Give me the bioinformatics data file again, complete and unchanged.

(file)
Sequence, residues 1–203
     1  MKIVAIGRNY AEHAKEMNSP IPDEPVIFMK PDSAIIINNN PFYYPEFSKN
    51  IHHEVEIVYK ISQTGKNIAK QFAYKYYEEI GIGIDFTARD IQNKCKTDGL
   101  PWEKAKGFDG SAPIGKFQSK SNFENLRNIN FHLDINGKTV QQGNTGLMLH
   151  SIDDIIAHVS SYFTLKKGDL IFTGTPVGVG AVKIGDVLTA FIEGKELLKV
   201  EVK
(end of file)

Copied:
Sequence, residues 1–203
     1  MKIVAIGRNY AEHAKEMNSP IPDEPVIFMK PDSAIIINNN PFYYPEFSKN
    51  IHHEVEIVYK ISQTGKNIAK QFAYKYYEEI GIGIDFTARD IQNKCKTDGL
   101  PWEKAKGFDG SAPIGKFQSK SNFENLRNIN FHLDINGKTV QQGNTGLMLH
   151  SIDDIIAHVS SYFTLKKGDL IFTGTPVGVG AVKIGDVLTA FIEGKELLKV
   201  EVK